Water Affordability | Part 2

You can lead a horse to water, but how is he going to pay for it?

In the first installment of our blog series on water affordability, we talked about the financial challenges many utilities across the country are facing: soaring water rates, increasing operating and capital improvement costs, and insufficient funding to keep up with the demands of a deteriorating infrastructure system. Meeting these needs without exacerbating ratepayers’ ability to afford this vital service requires deliberative, proactive financial planning by water utilities. In Part 2 of our three-part series, we will take a closer look at strategies utilities are employing to secure greater financial stability necessary for tackling these challenges. These include financial solutions to help spread capital costs over time, opportunities to reduce operational costs, and tools to target and prioritize capital improvement planning.

Explore Capital Financing Tools

Source: UNC Environmental Finance Center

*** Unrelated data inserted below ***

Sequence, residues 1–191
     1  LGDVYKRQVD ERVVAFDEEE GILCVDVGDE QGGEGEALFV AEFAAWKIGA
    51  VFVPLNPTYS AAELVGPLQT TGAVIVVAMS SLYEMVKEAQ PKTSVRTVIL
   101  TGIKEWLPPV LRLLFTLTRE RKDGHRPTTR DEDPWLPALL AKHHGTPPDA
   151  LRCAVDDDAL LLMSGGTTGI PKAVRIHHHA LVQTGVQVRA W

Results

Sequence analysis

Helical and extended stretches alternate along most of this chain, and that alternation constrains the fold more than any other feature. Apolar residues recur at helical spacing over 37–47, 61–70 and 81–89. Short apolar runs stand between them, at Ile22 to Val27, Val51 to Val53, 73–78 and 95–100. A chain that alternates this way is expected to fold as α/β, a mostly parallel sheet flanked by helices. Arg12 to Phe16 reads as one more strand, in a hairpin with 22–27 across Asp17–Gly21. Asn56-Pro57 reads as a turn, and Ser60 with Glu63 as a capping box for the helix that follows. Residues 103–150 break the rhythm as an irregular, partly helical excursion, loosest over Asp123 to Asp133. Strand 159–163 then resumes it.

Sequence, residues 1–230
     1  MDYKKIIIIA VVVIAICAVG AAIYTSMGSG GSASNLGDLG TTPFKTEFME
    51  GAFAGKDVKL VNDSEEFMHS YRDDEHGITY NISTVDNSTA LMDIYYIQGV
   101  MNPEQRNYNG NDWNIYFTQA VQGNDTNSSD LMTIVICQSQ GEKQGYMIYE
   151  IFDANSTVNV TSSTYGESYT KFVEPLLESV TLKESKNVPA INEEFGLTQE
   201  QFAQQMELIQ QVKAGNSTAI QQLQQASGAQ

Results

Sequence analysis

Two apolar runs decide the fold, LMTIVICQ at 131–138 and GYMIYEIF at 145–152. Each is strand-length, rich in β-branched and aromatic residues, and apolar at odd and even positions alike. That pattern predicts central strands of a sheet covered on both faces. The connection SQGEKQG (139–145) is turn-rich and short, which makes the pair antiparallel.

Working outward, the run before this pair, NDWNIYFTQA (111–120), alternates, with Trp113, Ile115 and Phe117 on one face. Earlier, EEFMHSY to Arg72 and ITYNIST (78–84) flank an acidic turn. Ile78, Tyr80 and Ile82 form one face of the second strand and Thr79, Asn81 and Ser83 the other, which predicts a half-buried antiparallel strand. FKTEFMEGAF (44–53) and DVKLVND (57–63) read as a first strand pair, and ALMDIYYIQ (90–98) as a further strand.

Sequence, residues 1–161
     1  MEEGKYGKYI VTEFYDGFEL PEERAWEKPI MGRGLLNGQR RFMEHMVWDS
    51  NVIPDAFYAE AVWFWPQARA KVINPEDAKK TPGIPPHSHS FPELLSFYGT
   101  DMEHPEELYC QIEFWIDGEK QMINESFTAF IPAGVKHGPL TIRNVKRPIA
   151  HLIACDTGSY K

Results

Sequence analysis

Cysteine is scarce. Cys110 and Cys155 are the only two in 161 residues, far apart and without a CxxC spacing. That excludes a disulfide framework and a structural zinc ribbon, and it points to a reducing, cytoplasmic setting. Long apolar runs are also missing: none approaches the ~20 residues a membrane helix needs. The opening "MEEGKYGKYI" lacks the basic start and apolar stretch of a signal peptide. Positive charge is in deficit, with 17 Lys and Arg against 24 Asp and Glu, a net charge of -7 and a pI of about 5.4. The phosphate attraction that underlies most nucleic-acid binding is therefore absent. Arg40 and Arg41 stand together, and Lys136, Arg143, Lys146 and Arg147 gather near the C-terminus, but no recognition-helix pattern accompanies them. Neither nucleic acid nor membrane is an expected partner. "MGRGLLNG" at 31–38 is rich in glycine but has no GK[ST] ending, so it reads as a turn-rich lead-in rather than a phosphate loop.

Since the 1980's, federal spending on water and wastewater infrastructure has steadily declined while state and local government spending has rapidly increased. As federal spending has decreased, tremendous pressure has shifted onto local governments, and their ratepayers, to foot the bill of necessary infrastructure improvements and supply expansions. To pay for these capital projects, localities have two options: pay-as-you-go and debt financing. In the pay-as-you-go model, utilities save up money from existing sources of revenue until they have enough to pay for a capital improvement project, or match annual capital spending to annual revenue capacity. In the debt financing model, utilities secure funding for capital projects through various financing mechanisms, such as more traditional sources (e.g., general obligation bonds, state revolving loan funds) and more innovate types (e.g., public-private partnerships). Due to the significant capital investment required by water and wastewater infrastructure projects, utilities often look to debt financing to fund system upgrades.